Dublin Apocalypse. IE TCD MS 64 Poiblí Deposited

Dublin Apocalypse. IE TCD MS 64

Cód seilf/Uimhir thagartha
  • IE TCD MS 64 ; former shelfmark: Lyon: K.4.31
Ráiteas cearta
  • Copyright The Board of Trinity College Dublin. Images are available for single-use academic application only. Publication, transmission or display is prohibited without formal written approval of the Library of Trinity College, Dublin.
Dáta a cruthaíodh
  • between approximately 1300-1339
Physical extent
  • c280mm x c200mm (maximum)
  • 40 folios
  • IE TCD MS 64, the Dublin Apocalypse, is an apocalypse manuscript in the style of the Ormesby Psalter workshop, created around 1300-1339 (L.F. Sandler dates the codex as c1310-c1320: see her 'Gothic Manuscripts 1285-1385, A Survey of Manuscripts Illuminated in the British Isles' 5, (London, 1986)). Unlike most apocalypses which typically contain half-page illustrations, the Dublin Apocalypse contains almost full-page pictures, in gold and colour, drawn by an artist who was undoubtedly the Ormesby Master. 73 out of 75 of these illustrations remain (1rv is lost; likely lost are pictures of John on Patmos, and the vision of Christ among the candlesticks (see M.R. James, The Dublin Apocalypse, Cambridge, 1932, p. 3). Collation analysis: i(12) (lacks 1, 2, 3, 5) ii-iii(8) iv(10) v8 (lacks 8). Script: in two hands, changing at folio 38. Layout: (2)(3) 2 columns (1) irregular numbers of lines, (3) 41 lines. For a full description of IE TCD MS 64 see the Manuscripts & Archives Research Library’s catalogue entry at
  • Bound in 19th-century red blind-tooled morocco; with stamp of paschal lamb and Sadleir’s bookplate on front board.
  • Photographic reproduction of IE TCD MS 64 in M.R. James, 'The Dublin Apocalypse (for Roxburghe Club)', (Cambridge, 1932). For TCD MS 64 see James o.c. with his notice (p. 23) of earlier references to the codex, and see his 'The Apocalypse in Art', (London, 1931), 15 and 62; M.J. Rickert, 'Painting in Britain in the Middle Ages', Pelican History of Art 5, (Melbourne, London, Baltimore, 1954), 122, 144-146; 'Western Illuminated Manuscripts from the Library of Sir Chester Beatty Exhibited in the Library of Trinity College Dublin', (Dublin, 1955), number 35; Morgan o.c. 20-21; O. Pächt and J.J.G. Alexander, 'Illuminated Manuscripts in the Bodleian Library', Oxford 3, (Oxford, 1973), 49; H. Zotter, 'Bibliographie faksimilierter Handschriften', (Graz, 1976), number 139; Frederick Van Der Meer, 'Apocalypse', (London, 1978), 355; M.A. Whitaker in 'Viator' 12 (1981) 195-196; N.J. Morgan, 'Early Gothic Manuscripts', volume 2, (London, 1982), 40 n.75; Bernard Meehan in 'Scriptorium' 38:1 (1984) 82-83; L.E. Boyle, 'Medieval Latin Palaeography: A Bibliographical Introduction', (Toronto, 1984), number 389; R.K. Emmerson and Suzanne Lewis in 'Traditio' 41 (1985) 379; P. Fox in 'Treasures of the Library: Trinity College Dublin', (Dublin, 1986), 8, pl. 2; Sandler o.c. no. 46, 1:27, 28, 61 (with pls. 107, 108), 2:50, 52-53. For further bibliography see Emmerson and Lewis l.c. N. Morgan, 'The Lambeth Apocalypse', (London, 1990), 22 n.29, 93 n.13, p. 272. For facsimiles of illustrated pages see Giulia Bologna, 'Apocalisse: nouvissima versione dai testi originali di Angelo Lancellotti', (Milan, 1991) [not seen by M.L. Colker but reported by Stuart Ó Seanóir, former Assistant Librarian at the Library of Trinity College Dublin] and see Apocalisse, with introductory material by S. Lewis, G. Bologna, et al., (Turin, 1993). W. O'Sullivan, 'Binding Memories of Trinity Library', in Decantations: A Tribute to Maurice Craig, ed. A. Bernelle, (Dublin, 1992), 172, 176 n.17; S. Lewis in 'Word and Image' 10 (1994) 289-311, with plates, S. Lewis says: ‘Despite their eccentric format, the Dublin illustrations clearly depend upon the well-known thirteenth-century English Gothic model represented by the Metz and Lambeth Apocalypses’. See also S. Lewis,' Reading Images', (Cambridge, 1995), 379 n.40; L. Sandler, 'Omne Bonum: A Fourteenth-Century Encyclopedia of Universal Knowledge', volume 1, (London, 1996), 165 n.113. Barbara Bruderer Eichberg, Les neuf chœurs angéliques. Origine et évolution du thème dans l'art du Moyen Âge (coll. Civilisation médiévale, vol. VI), Poitiers, centre d'Etudes supérieures de Civilisation médiévale, 1998) has illustration of folio 6v (XIC) on place XX, figure 30. Stylistic relationships with Bodleian Douce 366, Bodleian Ashmole 1523 and Cambridge Emmanuel 112 - see Frederica Law-Turner, 'The Ormesby Master: a question of attribution', part MA thesis Courtauld Institute, University of London, 1994.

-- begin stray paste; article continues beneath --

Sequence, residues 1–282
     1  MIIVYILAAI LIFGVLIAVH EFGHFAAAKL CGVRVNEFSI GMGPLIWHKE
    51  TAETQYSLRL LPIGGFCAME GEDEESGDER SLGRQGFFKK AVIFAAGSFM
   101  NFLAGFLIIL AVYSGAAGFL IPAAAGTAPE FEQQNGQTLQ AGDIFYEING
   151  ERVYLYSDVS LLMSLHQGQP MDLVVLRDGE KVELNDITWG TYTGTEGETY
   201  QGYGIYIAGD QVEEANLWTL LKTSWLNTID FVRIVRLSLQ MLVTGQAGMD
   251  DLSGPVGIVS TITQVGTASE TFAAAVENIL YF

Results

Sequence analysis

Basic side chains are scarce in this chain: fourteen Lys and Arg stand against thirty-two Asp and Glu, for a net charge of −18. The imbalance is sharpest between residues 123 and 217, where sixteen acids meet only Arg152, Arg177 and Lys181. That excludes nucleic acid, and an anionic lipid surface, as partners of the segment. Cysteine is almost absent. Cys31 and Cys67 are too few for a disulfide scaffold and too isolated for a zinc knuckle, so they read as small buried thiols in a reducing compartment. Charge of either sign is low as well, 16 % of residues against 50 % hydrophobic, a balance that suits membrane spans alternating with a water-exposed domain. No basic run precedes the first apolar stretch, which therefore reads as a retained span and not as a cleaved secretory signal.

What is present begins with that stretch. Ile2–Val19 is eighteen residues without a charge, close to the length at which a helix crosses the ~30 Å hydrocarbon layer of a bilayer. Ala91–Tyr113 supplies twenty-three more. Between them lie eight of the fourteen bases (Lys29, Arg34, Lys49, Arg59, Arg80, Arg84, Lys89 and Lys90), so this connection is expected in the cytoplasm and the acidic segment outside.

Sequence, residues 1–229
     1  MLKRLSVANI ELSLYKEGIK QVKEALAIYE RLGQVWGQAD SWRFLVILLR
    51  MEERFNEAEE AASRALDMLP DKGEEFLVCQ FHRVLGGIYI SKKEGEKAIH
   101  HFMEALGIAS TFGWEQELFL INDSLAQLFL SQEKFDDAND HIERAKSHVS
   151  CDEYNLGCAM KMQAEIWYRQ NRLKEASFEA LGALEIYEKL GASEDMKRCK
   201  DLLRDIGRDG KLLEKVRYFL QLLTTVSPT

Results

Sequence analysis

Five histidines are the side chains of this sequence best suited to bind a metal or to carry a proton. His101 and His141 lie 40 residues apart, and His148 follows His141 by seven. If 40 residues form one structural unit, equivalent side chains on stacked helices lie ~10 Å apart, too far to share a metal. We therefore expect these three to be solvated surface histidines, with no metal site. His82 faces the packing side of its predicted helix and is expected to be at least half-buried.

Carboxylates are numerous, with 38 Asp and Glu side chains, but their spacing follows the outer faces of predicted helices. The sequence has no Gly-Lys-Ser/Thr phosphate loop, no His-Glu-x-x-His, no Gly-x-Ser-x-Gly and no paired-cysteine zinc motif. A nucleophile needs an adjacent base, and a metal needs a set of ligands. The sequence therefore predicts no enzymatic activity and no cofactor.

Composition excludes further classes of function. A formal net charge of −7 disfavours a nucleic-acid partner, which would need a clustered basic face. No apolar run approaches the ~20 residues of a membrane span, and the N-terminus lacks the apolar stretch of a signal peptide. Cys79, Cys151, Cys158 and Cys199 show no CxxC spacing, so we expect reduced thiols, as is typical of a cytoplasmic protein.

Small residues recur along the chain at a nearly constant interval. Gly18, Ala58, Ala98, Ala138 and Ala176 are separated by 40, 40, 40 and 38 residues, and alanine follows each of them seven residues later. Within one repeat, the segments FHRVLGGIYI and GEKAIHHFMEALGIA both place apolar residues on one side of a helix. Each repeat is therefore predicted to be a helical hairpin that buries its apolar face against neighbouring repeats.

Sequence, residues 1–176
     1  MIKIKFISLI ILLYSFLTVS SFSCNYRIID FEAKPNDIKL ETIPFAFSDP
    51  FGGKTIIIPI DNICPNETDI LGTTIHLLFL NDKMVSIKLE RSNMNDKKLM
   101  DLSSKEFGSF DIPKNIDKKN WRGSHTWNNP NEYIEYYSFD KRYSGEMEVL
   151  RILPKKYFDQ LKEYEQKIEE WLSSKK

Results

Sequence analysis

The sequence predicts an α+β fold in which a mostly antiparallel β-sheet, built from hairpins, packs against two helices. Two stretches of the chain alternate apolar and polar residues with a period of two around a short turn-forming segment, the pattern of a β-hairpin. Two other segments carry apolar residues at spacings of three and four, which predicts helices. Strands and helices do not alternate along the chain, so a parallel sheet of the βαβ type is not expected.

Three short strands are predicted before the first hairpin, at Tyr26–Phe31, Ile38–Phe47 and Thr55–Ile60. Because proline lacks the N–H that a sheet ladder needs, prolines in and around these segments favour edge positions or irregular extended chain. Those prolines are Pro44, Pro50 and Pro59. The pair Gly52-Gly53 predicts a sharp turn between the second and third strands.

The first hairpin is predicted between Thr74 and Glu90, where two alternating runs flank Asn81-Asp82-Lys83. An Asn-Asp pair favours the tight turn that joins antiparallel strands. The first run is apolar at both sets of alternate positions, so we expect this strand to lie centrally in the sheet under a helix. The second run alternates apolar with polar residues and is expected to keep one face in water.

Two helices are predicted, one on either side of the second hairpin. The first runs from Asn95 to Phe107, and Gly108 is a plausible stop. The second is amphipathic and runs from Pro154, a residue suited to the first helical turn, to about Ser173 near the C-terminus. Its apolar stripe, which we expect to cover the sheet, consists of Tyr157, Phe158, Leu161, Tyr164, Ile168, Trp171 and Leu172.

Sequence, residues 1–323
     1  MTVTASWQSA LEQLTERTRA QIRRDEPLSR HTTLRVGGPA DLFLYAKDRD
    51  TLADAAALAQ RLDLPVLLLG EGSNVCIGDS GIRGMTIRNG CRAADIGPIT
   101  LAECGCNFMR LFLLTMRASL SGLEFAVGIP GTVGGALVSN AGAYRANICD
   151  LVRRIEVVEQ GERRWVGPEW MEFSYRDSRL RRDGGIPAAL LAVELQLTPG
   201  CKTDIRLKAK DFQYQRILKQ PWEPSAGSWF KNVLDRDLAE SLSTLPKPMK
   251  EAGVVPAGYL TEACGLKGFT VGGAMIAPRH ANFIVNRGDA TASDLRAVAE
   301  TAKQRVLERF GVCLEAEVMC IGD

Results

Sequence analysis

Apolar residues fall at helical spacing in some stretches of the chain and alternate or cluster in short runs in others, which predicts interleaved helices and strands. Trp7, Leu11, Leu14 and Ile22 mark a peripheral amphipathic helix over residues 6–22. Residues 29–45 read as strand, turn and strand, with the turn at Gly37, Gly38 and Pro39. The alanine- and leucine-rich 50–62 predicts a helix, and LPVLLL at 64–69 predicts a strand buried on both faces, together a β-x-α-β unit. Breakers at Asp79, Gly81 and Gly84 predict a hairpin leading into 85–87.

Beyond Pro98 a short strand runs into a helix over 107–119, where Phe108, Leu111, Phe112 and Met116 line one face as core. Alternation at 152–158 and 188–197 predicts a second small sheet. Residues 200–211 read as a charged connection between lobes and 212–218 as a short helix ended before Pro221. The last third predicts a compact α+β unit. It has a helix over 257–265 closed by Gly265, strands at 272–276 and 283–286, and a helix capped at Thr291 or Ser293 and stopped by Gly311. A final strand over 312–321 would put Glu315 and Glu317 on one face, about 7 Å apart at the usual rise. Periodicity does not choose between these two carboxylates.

Finding aid
  • IE TCD MS 64 was presented to the College by Franc Sadleir, provost of Trinity College Dublin (died 1851), possibly in exchange for old uncatalogued annuals (see Bernard Meehan, 'A note on the Dublin Apocalypse (Trinity College Dublin MS 64)' in Scriptorium 38, (1984), 82-83, p. 83) . 'Born in 1775, Sadleir became a Fellow of Trinity College in 1805. He was Professor of Hebrew from 1822 to 1825, Professor of Mathematics from 1825 to 1836, and Librarian from 1821 until appointed Provost of the College in December 1837' (Bernard Meehan, 'A note on the Dublin Apocalypse (Trinity College Dublin MS 64)' in Scriptorium 38, (1984), 82-83, p. 82). The ownership of the codex prior to Sadleir remains unknown.
Cineál acmhainne
  • ink
  • colored ink
  • parchment (animal material)
  • morocco (leather)
  • English
Aitheantóir Oibiachta Digití
  • MS64_046
  • 0148011


Máthairshaothair agus foshraitheanna:

Ní bhaineann máthairshaothair ná foshraitheanna leis an ábhar seo.

In Collection: